Your dog, Lilly, hates Halloween, and honestly, who can blame her? You know you are partially at fault because you just love dressing her up in that bat dog costume, and you eat a pound of chocolate right in front of her. You also are “those neighbors” that have a house with twenty jack-o-lanterns, a robotic witch, and a smoke machine. You just love the holiday, but Lilly seems always to want to crawl into her crate and hide. You wonder if you should think more about Lilly’s needs during the Halloween extravaganza than you have in the past. How could you make her evening a little more comfortable and less spooky? You realize it might be time to stop taking her Trick-or-Treating.
The Root of the Behavior
If you think about it, there are a lot of things to be scared of during Halloween. Halloween also presents a change in Lilly’s day-to-day routine, uncomfortable costumes, treats that dogs can’t have and more. It’s one of those holidays that you as a human may love, but Lilly doesn’t quite get the hype and would rather take a nap with the lights off.
For starters, a lot of owners like to dress their dogs in silly costumes, and some dogs are not fans of putting on the bat dog cape, mask, and black boots. When they see the costume coming out, they want to run the other way because most dogs prefer their own fur. This is natural; a cotton cape is not. Costumes actually stress some dogs out, and they might be hot. Some costumes might even irritate Lilly’s skin or scratch her eyes. Costumes are definitely one root of this Halloween problem.
Halloween also has a lot of spooky stuff. I’ll be honest, some of those Halloween animated ghosts scare the daylights out of me, and I am a human, so they can certainly spook your jumpy dog. You know those robotic Frankensteins that pop up unexpectedly and make you jump, for a dog this is even more traumatizing; they don’t understand that Frankenstein is not real. Imagine if you thought Frankenstein was coming to get you. Animated freak shows are another contributor to Lilly’s Halloween madness.
Let’s not forget the abundance of chocolate, which is tempting for Lilly, but she can’t have any, and if she sneaks some, we have a whole other reason why she associates negativity with Halloween. Similarly, everyone keeps on saying treat, but your dog doesn't see unlimited biscuits. She, undoubtedly, is confused. To top it all off, your neighborhood is probably crawling with freaky costumes and masks, and other unfamiliar “beings”. And then there is the constant ringing of the doorbell. Lilly is so confused why you keep on opening the door for these intruders. She has no idea that ghost is your five-year-old nephew, Bart. From Lilly’s perspective, Halloween is just no fun.
Encouraging the Behavior
Although you don’t want to encourage Lilly’s hate for Halloween, you certainly want to find some ways to alleviate her anxiety around the holiday. One option is to skip the costume. Or, if you are dead set on that bat costume, keep it simple, and perhaps just put on the cape without the boots and mask. Or, if you are still set on the whole outfit because you want to update your status on Facebook, keep the costume on for a very short time, and then let Lilly get back to her fur.
You could also be that owner that chooses to skip out on Halloween. Turn the lights off and lock the door and watch a scary movie on low volume. This will prevent people from even coming to your house. You also would be making an effort to keep Lilly inside away from all of the chaos. But some owners love Halloween, so another option is to have Lilly go to the kennel for the night or a friend’s who is not a fan of Halloween either.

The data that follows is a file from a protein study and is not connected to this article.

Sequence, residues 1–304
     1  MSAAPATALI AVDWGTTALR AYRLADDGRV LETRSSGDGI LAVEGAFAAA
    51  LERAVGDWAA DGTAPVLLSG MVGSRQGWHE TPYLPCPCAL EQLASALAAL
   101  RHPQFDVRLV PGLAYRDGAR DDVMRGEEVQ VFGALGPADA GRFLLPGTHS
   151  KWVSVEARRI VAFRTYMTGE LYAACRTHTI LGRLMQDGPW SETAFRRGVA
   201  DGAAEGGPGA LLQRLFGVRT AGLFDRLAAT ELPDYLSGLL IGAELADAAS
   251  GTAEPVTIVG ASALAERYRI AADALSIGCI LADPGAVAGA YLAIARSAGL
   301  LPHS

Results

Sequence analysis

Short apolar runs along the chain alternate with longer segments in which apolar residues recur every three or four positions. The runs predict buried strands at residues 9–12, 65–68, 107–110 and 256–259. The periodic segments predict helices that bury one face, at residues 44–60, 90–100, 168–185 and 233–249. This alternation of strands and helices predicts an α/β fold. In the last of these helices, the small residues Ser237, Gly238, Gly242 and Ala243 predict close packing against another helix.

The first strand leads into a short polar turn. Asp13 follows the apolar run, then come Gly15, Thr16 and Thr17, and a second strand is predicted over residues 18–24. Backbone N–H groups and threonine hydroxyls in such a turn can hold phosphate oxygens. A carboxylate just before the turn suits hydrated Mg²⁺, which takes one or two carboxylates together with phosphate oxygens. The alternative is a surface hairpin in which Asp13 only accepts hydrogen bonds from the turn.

Another option is to shower your dog with pet-friendly treats while you choose to chow down on that Snickers. This will make Lilly feel special. You could also make an effort to provide her with some extra attention that night, so she starts to have more positive associations with the holiday that may actually stick in the future. Another option is to disarm the doorbell. Yes, this is more than possible, and for some doorbells, it only requires pulling one wire. Make sure you look at your doorbell manual before attempting this. Execute a few of these changes, and Lilly may not hate Halloween in the future after all.
Other Solutions and Considerations
Back to those costumes. Just be aware that some costumes are actually dangerous for dogs. They can be made out of toxic materials that are hazardous to your dog’s breathing and skin. And the masks can scratch Lilly’s eyes. Moreover, the boots can prevent Lilly from being able to scratch herself, or in a rare case, defend herself, if she is outside. Some costumes are even strangulation hazards; so if you choose to buy a doggy costume, make sure you find one with non-toxic materials, and think about skipping the accessories. Also, realize that if you take Lilly outside, you should keep her on a tight leash, and you should be aware of lots of cars and children, two things that Lilly may not be a fan of. Do not let your dog roam freely on Halloween; there are just too many vehicles, people, and creepy things for Lilly to be out there on her own.
Okay, so you now understand that Lilly’s bat dog costume could be toned down, and you are only going to make her wear it for a short time. You also have decided to disarm your doorbell and sit outside during the peak Trick-or-Treat times without Lilly who will be resting inside. You think you have made a good effort to accommodate both your and Lilly’s needs. You are so proud of yourself for going out and buying a variety of doggy cookies, so Lilly does not have to salivate as you eat your Reeses. Bone-Appetite!